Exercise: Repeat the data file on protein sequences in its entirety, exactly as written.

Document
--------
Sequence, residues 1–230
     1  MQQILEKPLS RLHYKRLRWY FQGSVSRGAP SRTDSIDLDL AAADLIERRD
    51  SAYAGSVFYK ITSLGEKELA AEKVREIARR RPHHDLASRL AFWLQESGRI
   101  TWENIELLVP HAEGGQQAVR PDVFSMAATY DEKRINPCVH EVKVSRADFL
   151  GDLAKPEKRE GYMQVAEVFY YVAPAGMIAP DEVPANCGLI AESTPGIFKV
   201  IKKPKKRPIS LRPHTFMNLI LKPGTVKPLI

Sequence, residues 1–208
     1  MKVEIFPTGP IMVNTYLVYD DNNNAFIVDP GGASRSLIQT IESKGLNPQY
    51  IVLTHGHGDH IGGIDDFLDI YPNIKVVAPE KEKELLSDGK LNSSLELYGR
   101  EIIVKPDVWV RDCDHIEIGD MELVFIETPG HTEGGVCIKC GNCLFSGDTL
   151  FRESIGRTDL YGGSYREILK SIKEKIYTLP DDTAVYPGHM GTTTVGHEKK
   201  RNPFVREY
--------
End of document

Sequence, residues 1–230
     1  MQQILEKPLS RLHYKRLRWY FQGSVSRGAP SRTDSIDLDL AAADLIERRD
    51  SAYAGSVFYK ITSLGEKELA AEKVREIARR RPHHDLASRL AFWLQESGRI
   101  TWENIELLVP HAEGGQQAVR PDVFSMAATY DEKRINPCVH EVKVSRADFL
   151  GDLAKPEKRE GYMQVAEVFY YVAPAGMIAP DEVPANCGLI AESTPGIFKV
   201  IKKPKKRPIS LRPHTFMNLI LKPGTVKPLI

Sequence, residues 1–208
     1  MKVEIFPTGP IMVNTYLVYD DNNNAFIVDP GGASRSLIQT IESKGLNPQY
    51  IVLTHGHGDH IGGIDDFLDI YPNIKVVAPE KEKELLSDGK LNSSLELYGR
   101  EIIVKPDVWV RDCDHIEIGD MELVFIETPG HTEGGVCIKC GNCLFSGDTL
   151  FRESIGRTDL YGGSYREILK SIKEKIYTLP DDTAVYPGHM GTTTVGHEKK
   201  RNPFVREY